Beaches and dancing shrimp
Published/Last edited or updated: 22nd February, 2021
If you thought that lounging on a beach was out of the question in Ubon province, think again. Meet Sirindhorn Reservoir.
Head south out of Khong Chiam for 15 km and you’ll reach a crossroads. A left takes you to the border crossing and market in Chong Mek, while a right shoots to the northern shore of the massive Sirindhorn Reservoir.
One of Northeast Thailand’s largest bodies of water, Sirindhorn stretches north to south for over 50 kilometres, with a width of around 15 kilometres at its widest point. The most popular attraction is Pattaya Noi (“Little Pattaya”), a stretch of sand along the northern shore where you can swim or get whipped around on a raft pulled by a jet ski. The best part is a cluster of restaurants serving rustic Isaan dishes like whole grilled river fish (pla plao) and a salad made with mini freshwater shrimps—kung ten if still alive and “dancing,” or kung nawn if not. Patrons are led to floating bamboo huts with thatch roofs to graze while lounging on grass mats.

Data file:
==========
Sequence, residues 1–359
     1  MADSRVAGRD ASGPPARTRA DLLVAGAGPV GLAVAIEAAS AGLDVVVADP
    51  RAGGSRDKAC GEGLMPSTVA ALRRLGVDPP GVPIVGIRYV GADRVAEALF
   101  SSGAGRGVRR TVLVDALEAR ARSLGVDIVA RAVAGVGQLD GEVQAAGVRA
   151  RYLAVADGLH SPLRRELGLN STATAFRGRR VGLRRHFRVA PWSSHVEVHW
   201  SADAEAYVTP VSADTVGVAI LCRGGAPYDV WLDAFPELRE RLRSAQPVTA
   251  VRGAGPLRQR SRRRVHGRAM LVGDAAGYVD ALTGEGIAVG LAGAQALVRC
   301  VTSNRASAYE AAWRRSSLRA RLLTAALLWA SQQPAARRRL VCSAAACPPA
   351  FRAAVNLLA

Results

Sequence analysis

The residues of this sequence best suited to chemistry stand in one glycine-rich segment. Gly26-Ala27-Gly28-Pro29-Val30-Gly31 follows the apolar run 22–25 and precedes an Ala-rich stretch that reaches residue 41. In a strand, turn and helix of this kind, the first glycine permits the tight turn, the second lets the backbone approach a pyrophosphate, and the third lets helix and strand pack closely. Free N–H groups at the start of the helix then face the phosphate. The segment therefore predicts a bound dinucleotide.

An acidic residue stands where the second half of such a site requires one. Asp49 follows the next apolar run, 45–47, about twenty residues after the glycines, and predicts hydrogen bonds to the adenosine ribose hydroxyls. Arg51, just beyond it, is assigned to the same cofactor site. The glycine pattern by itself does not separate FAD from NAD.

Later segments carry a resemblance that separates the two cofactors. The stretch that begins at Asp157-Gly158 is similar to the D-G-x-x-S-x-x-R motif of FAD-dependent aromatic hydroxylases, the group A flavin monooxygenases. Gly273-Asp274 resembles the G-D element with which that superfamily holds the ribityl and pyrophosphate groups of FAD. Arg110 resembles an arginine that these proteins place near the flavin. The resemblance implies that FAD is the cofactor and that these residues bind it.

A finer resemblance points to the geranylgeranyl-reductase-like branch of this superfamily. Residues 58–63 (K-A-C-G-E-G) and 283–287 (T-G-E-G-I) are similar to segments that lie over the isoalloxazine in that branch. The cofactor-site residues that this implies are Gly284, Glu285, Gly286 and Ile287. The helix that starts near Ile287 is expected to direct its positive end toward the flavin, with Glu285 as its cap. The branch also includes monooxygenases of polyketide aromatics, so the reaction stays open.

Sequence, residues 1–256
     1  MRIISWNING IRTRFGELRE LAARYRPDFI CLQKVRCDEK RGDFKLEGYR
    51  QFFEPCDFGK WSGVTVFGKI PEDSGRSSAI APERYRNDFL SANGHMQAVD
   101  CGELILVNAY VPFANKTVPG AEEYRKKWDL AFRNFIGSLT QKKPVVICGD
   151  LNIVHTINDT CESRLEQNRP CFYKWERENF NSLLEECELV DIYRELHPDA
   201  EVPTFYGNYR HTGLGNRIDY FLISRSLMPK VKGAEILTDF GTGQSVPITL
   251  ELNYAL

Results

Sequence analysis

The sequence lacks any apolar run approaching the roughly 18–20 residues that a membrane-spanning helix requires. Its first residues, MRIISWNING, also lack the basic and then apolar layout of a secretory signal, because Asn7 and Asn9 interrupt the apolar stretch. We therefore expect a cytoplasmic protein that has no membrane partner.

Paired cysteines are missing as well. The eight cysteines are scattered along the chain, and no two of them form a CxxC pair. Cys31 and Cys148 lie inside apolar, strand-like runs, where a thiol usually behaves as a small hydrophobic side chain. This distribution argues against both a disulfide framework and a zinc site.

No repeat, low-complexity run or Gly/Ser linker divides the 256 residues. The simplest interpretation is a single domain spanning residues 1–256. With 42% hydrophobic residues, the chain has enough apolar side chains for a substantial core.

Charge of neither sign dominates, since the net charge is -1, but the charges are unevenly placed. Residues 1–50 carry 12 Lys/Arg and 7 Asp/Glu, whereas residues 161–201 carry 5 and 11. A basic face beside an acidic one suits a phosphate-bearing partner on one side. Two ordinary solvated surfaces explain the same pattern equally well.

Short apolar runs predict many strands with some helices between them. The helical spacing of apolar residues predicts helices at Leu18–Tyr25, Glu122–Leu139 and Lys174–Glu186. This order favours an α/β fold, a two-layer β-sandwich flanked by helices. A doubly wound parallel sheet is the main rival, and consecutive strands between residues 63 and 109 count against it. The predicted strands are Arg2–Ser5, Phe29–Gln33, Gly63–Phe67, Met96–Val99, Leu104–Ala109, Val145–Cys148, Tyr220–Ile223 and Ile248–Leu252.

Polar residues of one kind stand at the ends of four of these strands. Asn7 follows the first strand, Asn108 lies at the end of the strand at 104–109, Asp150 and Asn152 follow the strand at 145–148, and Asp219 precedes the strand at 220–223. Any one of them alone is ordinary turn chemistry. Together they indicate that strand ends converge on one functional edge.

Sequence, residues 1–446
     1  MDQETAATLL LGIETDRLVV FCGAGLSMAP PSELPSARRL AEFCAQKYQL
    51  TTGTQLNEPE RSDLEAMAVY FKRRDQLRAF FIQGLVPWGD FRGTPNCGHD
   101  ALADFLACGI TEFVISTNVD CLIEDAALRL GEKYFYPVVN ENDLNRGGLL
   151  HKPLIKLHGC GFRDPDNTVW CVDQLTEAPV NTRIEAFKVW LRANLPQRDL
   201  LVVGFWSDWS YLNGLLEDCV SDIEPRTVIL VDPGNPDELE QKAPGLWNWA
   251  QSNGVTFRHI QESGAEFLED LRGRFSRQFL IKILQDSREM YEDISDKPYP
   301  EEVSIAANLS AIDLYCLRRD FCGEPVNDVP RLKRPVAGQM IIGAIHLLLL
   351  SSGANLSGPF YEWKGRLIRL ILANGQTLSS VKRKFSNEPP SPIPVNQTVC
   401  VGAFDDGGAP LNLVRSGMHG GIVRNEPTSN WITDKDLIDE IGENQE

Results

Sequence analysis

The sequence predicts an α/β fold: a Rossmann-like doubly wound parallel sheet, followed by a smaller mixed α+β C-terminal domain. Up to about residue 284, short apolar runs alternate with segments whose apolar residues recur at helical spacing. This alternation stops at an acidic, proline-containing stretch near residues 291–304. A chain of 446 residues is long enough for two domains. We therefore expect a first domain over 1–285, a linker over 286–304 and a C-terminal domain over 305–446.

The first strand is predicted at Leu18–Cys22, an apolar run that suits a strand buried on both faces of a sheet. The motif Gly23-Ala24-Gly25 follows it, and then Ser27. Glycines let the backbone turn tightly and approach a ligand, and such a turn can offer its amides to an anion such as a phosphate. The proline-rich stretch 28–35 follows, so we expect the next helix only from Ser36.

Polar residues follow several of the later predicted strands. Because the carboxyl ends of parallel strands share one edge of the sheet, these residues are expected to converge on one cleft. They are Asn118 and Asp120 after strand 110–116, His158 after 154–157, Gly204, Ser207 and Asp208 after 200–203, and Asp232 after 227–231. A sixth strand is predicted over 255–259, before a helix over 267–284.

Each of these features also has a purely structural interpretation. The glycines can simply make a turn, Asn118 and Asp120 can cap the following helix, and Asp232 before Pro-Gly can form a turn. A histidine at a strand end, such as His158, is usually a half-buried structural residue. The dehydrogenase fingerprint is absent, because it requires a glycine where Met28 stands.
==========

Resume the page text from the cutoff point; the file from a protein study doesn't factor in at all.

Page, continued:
Little English is spoken at Pattaya Noi but locals come here to have a good time and will most likely be pleasantly surprised to see foreigners joining them. From here you could continue west along Highway 217 before cutting south on to back roads that run down to out-of-the-way lakeside villages and temples. Or you could turn back east and stop by the border market in Chong Mek for a taste of grilled buffalo skin and wasp larva.
If you get a really early start, you could keep going all the way down to the remote Phu Chong Na Yoi National Park to see its waterfalls and vast fields of wildflowers that bloom from October to December. It straddles both the Laos and Cambodia borders, roughly 100 kilometres south of Chong Mek.
To reach Pattaya Noi, take Highway 2173 south out of Khong Chiam and go right onto Highway 217, following signs for Phibun Mangsahan. After a few km, look for signs in Thai script with pictures of floating thatch roof huts on the left. Several different restaurants line the beach, many offering cruises on the lake in a variety of boats.
David Luekens first came to Thailand in 2005 when Thai friends from his former home of Burlington, Vermont led him on a life-changing trip. Based in Thailand since 2011, he spends much of his time eating in Bangkok street markets and island hopping the Andaman Sea.
These tours are provided by Travelfish partner GetYourGuide.